And most password managers have “Phishing protection”, which prevents auto-filling credentials in the wrong places.
So, why does FB ask users to change their password if it was never stolen?
When you change your FB password FB revokes all session cookies issued with the old password, including the stolen cookies. That requires some form of re-authentication and rendered the stolen cookies useless.
What about 2FA? why does the article recommend I enable that?
2FA will not stop this attack, no matter how hard some Enterprise vendors try to claim their 2FA is a panacea. That’s why these attacks are becoming popular. 2FA is working and hackers have to find another way. So, you absolutely should enable it!
What can we do better?
Let’s boil this down into Prevention, Detection, and Response.
- Can we make this problem go away? Session cookies can be stolen in most scenarios and protocols. The difference is the scalability, the “attack surface,” i.e., how easy it is for the attacker to target 1, 10, or 100,000 employees. The good news is that this attack is hard to scale because MFA is becoming more prevalent – good job on enabling 2FA, you!
- This attack is a type of malware. So, we need to ensure our endpoints are clean. Many will tell you to lock down your front door, trust nobody, make sure your employees only use a sterile phone, laptop, and network… Let’s be honest; not everyone is ready for that uphill battle. Maybe you’re a 100 or 500-person startup. Is this the right time? We’ve all been or heard what happens when it goes wrong. Employees start to hate IT. Work slows down. IT drowns in support tickets of users getting locked out. And all the new tools and people are expensive! Employees hate it, especially the remote ones. Plus, it’s often distracting from your company’s core mission! I get it. We’ve been there. That’s why we created YeshID…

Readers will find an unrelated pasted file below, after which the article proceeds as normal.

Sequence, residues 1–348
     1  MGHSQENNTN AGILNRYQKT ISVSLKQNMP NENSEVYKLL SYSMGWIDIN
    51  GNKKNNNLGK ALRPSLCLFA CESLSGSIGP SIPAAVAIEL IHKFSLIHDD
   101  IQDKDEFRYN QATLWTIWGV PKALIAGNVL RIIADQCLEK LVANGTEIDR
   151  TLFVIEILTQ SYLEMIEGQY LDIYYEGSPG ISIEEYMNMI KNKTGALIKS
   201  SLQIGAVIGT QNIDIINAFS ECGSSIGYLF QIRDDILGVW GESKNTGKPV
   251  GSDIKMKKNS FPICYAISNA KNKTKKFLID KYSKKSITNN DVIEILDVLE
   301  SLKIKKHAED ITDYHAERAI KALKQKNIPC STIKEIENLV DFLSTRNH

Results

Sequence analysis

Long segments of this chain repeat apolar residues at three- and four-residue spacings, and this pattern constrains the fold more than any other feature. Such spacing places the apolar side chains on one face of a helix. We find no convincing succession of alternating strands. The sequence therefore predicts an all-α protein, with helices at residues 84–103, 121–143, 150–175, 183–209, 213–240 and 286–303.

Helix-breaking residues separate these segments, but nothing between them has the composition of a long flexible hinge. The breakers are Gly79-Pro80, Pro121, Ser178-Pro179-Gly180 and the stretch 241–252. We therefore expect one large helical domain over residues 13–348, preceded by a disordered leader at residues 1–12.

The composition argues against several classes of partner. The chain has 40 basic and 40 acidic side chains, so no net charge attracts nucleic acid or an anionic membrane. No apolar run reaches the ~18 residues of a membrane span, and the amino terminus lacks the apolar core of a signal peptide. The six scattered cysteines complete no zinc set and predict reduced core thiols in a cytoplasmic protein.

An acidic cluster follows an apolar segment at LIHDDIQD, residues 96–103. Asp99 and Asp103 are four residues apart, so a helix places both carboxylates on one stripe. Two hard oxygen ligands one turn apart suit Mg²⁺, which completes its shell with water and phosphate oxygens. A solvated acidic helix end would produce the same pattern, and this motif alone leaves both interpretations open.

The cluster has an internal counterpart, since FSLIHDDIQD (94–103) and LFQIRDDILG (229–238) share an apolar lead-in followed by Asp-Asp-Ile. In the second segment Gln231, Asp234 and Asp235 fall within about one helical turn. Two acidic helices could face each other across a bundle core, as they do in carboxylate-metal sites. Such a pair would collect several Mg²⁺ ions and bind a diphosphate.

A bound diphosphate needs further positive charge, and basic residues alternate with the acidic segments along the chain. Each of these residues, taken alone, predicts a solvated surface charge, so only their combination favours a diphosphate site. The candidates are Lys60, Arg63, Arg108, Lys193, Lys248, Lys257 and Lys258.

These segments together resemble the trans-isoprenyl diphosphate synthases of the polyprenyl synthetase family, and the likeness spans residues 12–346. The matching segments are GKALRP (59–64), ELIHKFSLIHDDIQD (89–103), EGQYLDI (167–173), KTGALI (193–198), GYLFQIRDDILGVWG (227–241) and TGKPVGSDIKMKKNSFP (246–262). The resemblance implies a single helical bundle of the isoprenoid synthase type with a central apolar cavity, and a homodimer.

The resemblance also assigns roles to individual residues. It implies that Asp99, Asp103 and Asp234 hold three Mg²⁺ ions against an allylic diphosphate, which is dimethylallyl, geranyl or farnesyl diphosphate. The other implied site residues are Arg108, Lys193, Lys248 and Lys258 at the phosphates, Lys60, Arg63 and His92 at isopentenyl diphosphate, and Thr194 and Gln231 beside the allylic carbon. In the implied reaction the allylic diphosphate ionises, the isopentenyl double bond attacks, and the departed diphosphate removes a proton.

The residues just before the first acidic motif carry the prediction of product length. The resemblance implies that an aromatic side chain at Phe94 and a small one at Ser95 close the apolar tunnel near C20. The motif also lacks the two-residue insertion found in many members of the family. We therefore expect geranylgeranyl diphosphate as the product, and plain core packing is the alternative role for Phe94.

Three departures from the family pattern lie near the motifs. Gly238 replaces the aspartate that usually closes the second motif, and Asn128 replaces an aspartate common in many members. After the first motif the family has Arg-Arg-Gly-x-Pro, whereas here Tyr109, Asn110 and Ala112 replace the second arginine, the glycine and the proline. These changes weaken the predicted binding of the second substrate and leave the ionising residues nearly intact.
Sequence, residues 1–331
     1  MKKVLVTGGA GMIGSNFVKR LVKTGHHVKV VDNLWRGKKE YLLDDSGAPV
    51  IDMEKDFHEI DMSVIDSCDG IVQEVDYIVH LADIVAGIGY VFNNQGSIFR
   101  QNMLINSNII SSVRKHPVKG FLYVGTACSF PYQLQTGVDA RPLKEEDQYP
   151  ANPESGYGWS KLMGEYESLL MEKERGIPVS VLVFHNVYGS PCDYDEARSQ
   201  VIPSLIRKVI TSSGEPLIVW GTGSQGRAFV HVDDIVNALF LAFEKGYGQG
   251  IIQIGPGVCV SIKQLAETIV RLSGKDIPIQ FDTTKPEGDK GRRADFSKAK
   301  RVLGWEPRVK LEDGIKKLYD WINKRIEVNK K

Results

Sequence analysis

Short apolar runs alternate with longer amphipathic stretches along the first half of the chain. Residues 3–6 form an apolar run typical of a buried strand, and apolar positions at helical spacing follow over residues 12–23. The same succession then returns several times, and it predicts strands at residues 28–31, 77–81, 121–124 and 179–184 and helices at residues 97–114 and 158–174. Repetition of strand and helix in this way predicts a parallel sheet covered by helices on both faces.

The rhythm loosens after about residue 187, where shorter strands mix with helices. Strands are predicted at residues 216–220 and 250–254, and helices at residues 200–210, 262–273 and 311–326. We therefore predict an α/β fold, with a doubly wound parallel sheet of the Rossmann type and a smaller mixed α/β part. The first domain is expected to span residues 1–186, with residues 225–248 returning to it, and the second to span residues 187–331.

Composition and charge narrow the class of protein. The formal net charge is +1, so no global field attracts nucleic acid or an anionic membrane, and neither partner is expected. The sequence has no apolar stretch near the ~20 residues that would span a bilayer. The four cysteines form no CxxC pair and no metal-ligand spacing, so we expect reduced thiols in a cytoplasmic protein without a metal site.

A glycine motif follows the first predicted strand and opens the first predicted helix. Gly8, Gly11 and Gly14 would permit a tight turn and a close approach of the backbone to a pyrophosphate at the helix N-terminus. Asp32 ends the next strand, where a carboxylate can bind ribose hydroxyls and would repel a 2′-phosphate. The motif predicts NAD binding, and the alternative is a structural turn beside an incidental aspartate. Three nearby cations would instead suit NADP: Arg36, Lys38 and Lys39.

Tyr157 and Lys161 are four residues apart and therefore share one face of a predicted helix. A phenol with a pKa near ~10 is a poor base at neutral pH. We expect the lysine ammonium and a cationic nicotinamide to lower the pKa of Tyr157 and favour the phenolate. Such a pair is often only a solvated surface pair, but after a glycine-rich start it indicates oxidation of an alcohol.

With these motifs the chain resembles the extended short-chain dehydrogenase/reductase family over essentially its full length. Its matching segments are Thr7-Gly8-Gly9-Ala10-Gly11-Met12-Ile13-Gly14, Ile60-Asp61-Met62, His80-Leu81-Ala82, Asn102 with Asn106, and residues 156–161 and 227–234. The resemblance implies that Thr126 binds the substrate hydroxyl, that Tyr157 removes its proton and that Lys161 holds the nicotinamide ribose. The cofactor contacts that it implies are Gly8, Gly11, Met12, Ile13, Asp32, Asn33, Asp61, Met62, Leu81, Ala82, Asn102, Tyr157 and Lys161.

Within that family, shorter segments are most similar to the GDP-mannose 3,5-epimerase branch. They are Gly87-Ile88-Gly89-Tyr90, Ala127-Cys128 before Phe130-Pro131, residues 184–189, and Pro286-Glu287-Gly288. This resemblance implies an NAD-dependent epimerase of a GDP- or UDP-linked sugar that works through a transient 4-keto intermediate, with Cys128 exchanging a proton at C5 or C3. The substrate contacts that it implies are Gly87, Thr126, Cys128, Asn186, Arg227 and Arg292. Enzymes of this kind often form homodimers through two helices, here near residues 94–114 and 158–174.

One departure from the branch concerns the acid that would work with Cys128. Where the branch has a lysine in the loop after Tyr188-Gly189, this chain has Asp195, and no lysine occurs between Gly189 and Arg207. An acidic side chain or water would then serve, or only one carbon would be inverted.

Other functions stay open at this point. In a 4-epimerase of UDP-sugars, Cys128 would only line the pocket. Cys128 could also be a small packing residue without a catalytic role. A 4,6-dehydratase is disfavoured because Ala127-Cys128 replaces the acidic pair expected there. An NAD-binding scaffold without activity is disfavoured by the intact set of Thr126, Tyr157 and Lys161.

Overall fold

- Let’s see what better, even if not perfect, looks like. Let’s optimize for are faster-detection and faster response.
- WebAuthN, the north star of getting rid of passwords, recommends implementing a counter to detect some variations of this attack. Still, adoption is problematic, especially with the emerging cross-platform keys.
- Some service providers implement the counter within the session cookie — the thing that’s being stolen. This requires a lot of maintenance and has many issues I won’t get into now. But it helps! The question is: does your IAM implement it?
- WebAuthN recommends each RP figure it out. (RP, Relaying Party, is a server providing access to a secure software application.) That makes sense. WebAuthN is a password replacement, not an identity management protocol. But it also speaks to the complexity of the issue.
- SAML has Single Logout (SLO). It’s the opposite of Single Sign-in (SSO). SLO simply means that the Identity Provider (IdP, part of IAM) can push to all the services you SSO’ed to via SAML to tell them to invalidate a credential. That’s an excellent feature! It’s too bad that SAML kinda sucks at being human-friendly. Plus, there’s that expensive sso.tax… seriously! Check out sso.tax. You’re spending a lot more for SAML.OIDC’s (OpenID Connect, the authentication protocol behind “Sign in with Google/Facebook/Apple/etc.) workaround is a very short session half-life. For example, Google Workspace allows admins to set sessions as short as 1 hour before requiring re-authentication and can also differentiate between first-and-thirty party applications for a little less friction.